Bodegas in New York City don't need to be 'disrupted'

From the name of the store to the cat-emblazoned logos (bodegas are well known for housing cats), everything about this company is intentionally taken from what immigrants have built.

However, many bodegas are mom-and-pop operations, and Rajan and McDonald are taking harsh flak over their move to out-convenience the convenience stores.

Despite our best intentions and our admiration for traditional bodegas, we clearly hit a nerve this morning, we apologize. It's much easier to pitch "We're going to bring the shining disruptive light of technology to the backward and analog corner store".

Silicon Valley seems to be obsessed with "disrupting" services that already exist-and, for decades, have worked just fine-in New York City, whether it's laundromats or dollar vans or even dog-walkers. The boxes are connected to an app: it lets customers unlock the box and a camera follows what they've taken, appropriately charging their credit cards. They're cultural institutions, Garcia said, and he promised that he will work to ensure that the Bodega boxes do not come into NY.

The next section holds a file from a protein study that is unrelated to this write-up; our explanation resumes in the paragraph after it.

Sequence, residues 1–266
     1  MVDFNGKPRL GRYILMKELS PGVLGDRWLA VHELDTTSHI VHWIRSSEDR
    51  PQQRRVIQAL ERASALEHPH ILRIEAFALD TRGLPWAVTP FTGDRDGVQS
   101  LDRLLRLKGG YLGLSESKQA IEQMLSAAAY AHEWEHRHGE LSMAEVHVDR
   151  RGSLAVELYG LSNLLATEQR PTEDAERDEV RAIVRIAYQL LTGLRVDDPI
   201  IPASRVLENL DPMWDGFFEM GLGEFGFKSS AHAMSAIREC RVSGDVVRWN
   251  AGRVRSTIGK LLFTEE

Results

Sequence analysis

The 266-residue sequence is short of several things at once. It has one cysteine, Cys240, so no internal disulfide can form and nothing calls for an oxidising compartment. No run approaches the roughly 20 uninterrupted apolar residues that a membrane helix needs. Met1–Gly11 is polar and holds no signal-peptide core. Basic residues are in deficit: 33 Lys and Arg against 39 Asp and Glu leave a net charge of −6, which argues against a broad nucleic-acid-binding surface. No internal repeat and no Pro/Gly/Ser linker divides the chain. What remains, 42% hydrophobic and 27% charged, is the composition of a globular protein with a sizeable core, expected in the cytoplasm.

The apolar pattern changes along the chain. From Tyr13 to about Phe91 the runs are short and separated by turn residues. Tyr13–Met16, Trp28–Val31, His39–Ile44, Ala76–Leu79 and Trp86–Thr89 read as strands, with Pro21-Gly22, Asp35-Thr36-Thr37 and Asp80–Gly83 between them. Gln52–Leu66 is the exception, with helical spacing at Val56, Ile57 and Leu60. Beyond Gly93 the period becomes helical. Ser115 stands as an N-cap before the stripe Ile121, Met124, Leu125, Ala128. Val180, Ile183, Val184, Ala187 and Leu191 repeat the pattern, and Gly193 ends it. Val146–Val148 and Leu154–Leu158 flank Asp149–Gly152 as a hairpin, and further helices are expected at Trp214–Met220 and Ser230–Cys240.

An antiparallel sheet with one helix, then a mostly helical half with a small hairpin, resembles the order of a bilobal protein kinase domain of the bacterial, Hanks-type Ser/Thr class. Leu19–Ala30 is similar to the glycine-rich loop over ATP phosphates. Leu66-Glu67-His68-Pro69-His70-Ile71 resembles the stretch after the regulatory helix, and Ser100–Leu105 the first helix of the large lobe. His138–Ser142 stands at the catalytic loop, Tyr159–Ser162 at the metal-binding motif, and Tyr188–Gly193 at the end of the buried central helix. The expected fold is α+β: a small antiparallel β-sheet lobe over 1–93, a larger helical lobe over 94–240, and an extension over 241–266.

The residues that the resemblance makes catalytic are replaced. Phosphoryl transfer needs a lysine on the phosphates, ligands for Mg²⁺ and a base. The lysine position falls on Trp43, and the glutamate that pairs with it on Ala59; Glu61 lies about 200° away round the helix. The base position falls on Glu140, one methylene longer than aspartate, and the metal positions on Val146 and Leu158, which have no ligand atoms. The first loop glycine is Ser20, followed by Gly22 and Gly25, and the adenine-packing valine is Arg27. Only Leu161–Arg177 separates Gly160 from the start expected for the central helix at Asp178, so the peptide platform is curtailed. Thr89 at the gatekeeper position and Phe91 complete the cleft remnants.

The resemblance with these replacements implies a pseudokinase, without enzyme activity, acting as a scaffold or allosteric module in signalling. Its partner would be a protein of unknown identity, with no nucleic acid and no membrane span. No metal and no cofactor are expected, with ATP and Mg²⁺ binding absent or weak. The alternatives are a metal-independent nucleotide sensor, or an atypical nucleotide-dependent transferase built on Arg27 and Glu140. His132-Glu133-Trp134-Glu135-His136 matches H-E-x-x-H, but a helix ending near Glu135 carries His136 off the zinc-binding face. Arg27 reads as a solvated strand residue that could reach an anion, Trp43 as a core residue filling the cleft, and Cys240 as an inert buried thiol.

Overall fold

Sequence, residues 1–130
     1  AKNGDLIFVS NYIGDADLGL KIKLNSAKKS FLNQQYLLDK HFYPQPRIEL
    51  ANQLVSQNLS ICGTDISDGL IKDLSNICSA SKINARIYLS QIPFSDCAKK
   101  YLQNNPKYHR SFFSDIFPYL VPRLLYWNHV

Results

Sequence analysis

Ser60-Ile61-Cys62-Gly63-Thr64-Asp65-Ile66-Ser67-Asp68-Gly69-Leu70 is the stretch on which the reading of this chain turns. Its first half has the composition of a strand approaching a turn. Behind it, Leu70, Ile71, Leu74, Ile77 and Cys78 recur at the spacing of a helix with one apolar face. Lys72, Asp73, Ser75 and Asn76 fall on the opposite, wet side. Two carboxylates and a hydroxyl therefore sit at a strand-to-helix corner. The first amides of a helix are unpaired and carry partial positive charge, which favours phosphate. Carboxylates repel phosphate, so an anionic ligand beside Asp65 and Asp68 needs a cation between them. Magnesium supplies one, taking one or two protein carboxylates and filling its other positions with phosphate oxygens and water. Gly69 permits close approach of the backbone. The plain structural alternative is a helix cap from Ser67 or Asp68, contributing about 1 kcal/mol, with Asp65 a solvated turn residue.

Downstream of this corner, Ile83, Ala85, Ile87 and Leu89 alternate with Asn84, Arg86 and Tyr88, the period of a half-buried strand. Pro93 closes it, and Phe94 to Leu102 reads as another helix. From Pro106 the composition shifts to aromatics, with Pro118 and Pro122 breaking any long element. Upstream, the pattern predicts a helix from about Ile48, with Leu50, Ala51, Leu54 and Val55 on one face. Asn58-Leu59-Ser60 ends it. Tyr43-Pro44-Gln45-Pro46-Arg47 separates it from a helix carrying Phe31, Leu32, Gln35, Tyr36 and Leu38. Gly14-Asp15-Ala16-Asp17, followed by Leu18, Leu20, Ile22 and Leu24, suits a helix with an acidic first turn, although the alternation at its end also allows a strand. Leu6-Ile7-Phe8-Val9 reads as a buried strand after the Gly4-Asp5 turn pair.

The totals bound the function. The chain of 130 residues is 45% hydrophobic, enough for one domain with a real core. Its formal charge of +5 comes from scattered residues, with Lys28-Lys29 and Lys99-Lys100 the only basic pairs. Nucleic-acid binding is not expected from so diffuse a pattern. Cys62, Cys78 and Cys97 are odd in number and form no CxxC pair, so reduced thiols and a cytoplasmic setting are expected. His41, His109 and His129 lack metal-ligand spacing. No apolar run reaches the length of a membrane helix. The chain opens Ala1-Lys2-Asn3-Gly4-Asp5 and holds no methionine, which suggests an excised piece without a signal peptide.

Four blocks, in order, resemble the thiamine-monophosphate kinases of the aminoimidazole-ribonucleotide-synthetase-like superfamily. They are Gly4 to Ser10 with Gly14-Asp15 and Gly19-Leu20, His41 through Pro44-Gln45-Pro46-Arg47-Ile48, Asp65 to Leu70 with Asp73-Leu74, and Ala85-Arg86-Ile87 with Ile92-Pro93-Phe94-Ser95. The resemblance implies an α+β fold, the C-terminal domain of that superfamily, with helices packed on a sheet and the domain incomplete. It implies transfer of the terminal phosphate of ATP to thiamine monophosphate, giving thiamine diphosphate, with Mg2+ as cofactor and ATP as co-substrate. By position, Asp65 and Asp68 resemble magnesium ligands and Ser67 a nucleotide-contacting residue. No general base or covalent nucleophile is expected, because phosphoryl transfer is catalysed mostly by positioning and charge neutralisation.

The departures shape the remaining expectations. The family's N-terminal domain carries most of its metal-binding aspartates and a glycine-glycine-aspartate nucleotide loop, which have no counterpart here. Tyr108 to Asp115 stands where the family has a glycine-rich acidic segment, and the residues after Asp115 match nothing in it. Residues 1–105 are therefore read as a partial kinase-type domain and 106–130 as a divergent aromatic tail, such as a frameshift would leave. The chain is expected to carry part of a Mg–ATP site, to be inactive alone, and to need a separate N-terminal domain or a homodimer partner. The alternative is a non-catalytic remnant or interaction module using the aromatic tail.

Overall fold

"The vision here is much bigger than the box itself", Bodega co-founder Paul McDonald told Fast Company. "We did surveys in the Latin American community to understand if they felt the name was a misappropriation of that term or had negative connotations, and 97 percent said 'no.' It's a simple name and I think it works". "To me, it is offensive for people who are not Hispanic to use the name "bodega, ' to make a quick buck", Garcia said". We commit to reviewing the feedback and understanding the reactions from today.

The tech industry has been pilloried for forcing gentrification in major cities like San Francisco. Created to be set up like vending machines in apartments, dorms, business locations, and gyms, the concept could ultimately eliminate local Bodegas, at least that's the goal.

Others criticized the startup for downplaying the actual charm - and true utility of bodegas. "It's disrespecting all the mom-and-pop bodega owners that started these businesses in the '60s and '70s".

"It's blatant. they want the convenience of the bodega without having to interact with the people whose neighborhood they invaded", tweeted another person.

With funding from notable investors including Josh Kopelman at First Round Capital, Kirsten Green at Forerunner Ventures, and Hunter Walk at Homebrew, McDonald and Rajan have been testing the concept at 30 Bay Area locations for the past 10 months. According to a story by TechCrunch, the total amount raised was $2.5 million.

Bodega has not responded to requests for comment.